WHITE PAPER: Why the Lessons of Your Business Classes Don’t Work: The Missing Foundation of Relationships

This paper will attempt to understand the lubrication that makes the skills that education, MBA classes, and training provided by mentors work and why it is imperative to the successful implementation of not only business skills but life skills. This lubrication, relationship skills, will be broken down into three components: Respect, Rapport and Trust.

Considering the current pandemic, any discussion of relationship skills would not be complete without bringing up the impact technology has on building respect, rapport and trust. In addition, in today’s global workplace, culture also has an impact on relationship skills.

This paper was written not to minimize the importance of the “hard” skills, such as accounting, scheduling and budgeting, rather to discuss how to make them work more effectively by introducing an often-missing foundation to those skills.


About the Author:


Ed Lively

Ed Lively  (MBA, PMP, CSPO, CSM) brings a wealth of experience to the project management field as a practitioner, presenter, mentor and author. An IIL Senior Consultant and Trainer, Ed is enthusiastic about motivating and developing others and has taught thousands of managers, team members and executives from 32 industries and 16 countries.


WHITE PAPER: THE GROWTH OF PROJECT COMPLEXITY IN A VUCA WORLD

In the ever-changing world that we now live and work in, disruption is as great as it has ever been, meaning we are seeing all aspects of VUCA within our own environments.

Currently, the biggest item on top of any CEO’s to-do list is creating, shaping and transforming their organization’s culture to be more responsive to change. CEOs talk about the values of integrity, trust, empowerment and leader development as essential within the new damaging environment of VUCA Management.

This paper will guide you through the hazar

Today, there is nowhere to go where you can avoid the VUCA environment. VUCA is forcing leaders and decision-makers to become managers of change. Making long-term decisions in an environment that has an abundance of complexity and can change continuously is difficult. This will require managers at all levels, including project managers, to develop new skills necessitated by the VUCA environment and to learn how to think non-linearly in order to manage complexity.

We all seem to agree that the world in which we live is dictated by VUCA, but there still exists confusion on the meaning of the components of VUCA. Some companies prefer to look at just one or two components, such as volatility and complexity, and downplay or avoid considering uncertainty and ambiguity. The application and definition of the components of VUCA are therefore industry or even company specific.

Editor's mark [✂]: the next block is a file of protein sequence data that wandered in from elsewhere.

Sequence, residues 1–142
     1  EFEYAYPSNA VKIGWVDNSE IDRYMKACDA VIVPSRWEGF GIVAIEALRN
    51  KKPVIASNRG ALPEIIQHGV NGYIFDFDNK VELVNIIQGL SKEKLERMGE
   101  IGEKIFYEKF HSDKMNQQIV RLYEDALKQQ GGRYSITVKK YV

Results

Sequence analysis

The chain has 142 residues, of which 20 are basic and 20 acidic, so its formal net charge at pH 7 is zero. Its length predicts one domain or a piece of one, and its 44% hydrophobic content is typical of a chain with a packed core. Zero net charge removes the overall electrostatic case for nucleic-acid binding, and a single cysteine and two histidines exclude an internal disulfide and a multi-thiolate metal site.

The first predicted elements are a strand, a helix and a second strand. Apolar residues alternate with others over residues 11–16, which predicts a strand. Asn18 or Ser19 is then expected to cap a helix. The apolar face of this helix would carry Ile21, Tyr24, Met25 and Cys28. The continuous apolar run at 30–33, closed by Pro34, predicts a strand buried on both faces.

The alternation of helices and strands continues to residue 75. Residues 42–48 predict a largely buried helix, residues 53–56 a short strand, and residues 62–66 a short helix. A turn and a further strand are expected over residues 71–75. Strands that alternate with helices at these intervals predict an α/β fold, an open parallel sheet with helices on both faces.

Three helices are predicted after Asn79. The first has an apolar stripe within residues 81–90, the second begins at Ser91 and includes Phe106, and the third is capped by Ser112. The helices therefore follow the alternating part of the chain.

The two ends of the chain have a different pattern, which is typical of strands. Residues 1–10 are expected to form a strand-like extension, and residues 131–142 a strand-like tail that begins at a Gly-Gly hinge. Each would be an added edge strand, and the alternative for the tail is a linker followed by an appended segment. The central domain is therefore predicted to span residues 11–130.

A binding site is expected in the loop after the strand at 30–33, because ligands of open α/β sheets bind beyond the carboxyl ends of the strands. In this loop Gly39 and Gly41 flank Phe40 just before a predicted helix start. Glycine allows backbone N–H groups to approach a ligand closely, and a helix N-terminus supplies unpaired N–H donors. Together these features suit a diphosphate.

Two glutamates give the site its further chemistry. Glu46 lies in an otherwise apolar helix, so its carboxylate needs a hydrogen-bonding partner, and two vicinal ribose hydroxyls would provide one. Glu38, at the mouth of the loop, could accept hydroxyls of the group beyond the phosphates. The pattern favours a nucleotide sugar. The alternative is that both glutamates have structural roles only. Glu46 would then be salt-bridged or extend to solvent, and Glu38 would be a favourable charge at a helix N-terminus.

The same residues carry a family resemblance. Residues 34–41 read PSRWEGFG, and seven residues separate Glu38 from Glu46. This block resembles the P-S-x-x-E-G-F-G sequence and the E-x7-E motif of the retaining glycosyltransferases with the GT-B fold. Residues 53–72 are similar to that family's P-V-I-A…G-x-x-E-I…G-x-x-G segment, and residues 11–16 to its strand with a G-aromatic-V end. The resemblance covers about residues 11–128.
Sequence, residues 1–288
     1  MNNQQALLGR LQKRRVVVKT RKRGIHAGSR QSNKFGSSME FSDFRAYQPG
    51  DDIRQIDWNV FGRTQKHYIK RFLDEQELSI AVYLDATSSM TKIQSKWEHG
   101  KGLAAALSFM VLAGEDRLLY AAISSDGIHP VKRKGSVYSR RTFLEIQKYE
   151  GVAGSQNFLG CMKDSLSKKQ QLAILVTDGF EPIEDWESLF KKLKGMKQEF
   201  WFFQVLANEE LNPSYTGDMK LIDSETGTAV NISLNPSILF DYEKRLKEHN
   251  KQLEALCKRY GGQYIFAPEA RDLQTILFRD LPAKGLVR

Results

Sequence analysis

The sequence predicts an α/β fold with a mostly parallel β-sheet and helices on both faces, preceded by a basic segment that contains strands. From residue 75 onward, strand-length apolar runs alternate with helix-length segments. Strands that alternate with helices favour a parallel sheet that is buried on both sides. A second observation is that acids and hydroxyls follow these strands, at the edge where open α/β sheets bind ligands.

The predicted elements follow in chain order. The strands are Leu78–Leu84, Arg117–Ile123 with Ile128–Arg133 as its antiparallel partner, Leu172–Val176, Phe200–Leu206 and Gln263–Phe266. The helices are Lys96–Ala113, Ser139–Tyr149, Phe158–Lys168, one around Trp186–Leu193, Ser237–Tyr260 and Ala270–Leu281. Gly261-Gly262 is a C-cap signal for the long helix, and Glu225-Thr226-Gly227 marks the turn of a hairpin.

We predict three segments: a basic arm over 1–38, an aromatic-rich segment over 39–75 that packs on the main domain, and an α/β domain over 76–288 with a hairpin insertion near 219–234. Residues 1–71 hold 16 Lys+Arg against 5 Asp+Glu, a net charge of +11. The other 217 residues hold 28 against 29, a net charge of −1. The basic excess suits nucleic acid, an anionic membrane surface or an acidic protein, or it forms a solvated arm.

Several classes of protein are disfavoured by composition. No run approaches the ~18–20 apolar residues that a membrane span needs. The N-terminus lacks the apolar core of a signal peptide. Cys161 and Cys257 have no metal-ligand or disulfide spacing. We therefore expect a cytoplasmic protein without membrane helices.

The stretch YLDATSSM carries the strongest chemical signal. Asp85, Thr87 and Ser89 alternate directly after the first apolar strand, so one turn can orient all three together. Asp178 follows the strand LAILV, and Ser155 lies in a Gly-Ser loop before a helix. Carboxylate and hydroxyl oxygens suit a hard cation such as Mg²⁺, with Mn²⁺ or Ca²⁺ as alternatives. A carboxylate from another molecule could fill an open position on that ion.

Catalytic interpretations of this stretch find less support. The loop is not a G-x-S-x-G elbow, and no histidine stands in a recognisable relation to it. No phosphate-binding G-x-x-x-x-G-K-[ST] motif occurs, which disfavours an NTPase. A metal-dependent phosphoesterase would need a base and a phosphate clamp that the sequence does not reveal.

There are several interpretations and applications for VUCA and its components. The VUCA environment can be looked at on a global basis or just in the environment of how one company competes and makes decisions. The consensus belief is that all companies in the future must plan on how to compete and survive in a VUCA environment regardless of the industry.

Download this white paper for access to Dr. Harold Kerzner’s exclusive insights on project complexity in today’s VUCA world.

ds of working within this ever-changing environment to understand how to prepare, how to manage the impact of the continuing change and how to safely negotiate a passage out again.

We will demonstrate how the project professionals can reinforce these values through personal example and by ensuring they cascade throughout the organization. By delivering this change through effective leadership, this will help to shape and reinforce the future business culture.

RELATED COURSE

Build the soft skills that are critical to leading a team and creating sustainable business change with our on-demand course on Project Leadership Skills.


About the Author:


Harold Kerzner

Harold Kerzner (M.S., Ph.D., Engineering, and M.B.A) is IIL’s Senior Executive Director for Project Management. He is a globally recognized expert on project management and strategic planning, and the author of many best-selling textbooks. His latest book is Innovation Project Management: Methods, Case Studies, and Tools for Managing Innovation Projects (Wiley, 2019).


WHITE PAPER: STEPPING SAFELY INTO THE UNKNOWN: PROJECT MANAGEMENT IN A VUCA ENVIRONMENT

In the ever-changing world that we now live and work in, disruption is as great as it has ever been, meaning we are seeing all aspects of VUCA within our own environments.

Currently, the biggest item on top of any CEO’s to-do list is creating, shaping and transforming their organization’s culture to be more responsive to change. CEOs talk about the values of integrity, trust, empowerment and leader development as essential within the new damaging environment of VUCA Management.

This paper will guide you through the hazards of working within this ever-changing environment to understand how to prepare, how to manage the impact of the continuing change and how to safely negotiate a passage out again.

We will demonstrate how the project professionals can reinforce these values through personal example and by ensuring they cascade throughout the organization. By delivering this change through effective leadership, this will help to shape and reinforce the future business culture.

RELATED COURSE

Build the soft skills that are critical to leading a team and creating sustainable business change with our on-demand course on Project Leadership Skills.


About the Author:


Mark Reeson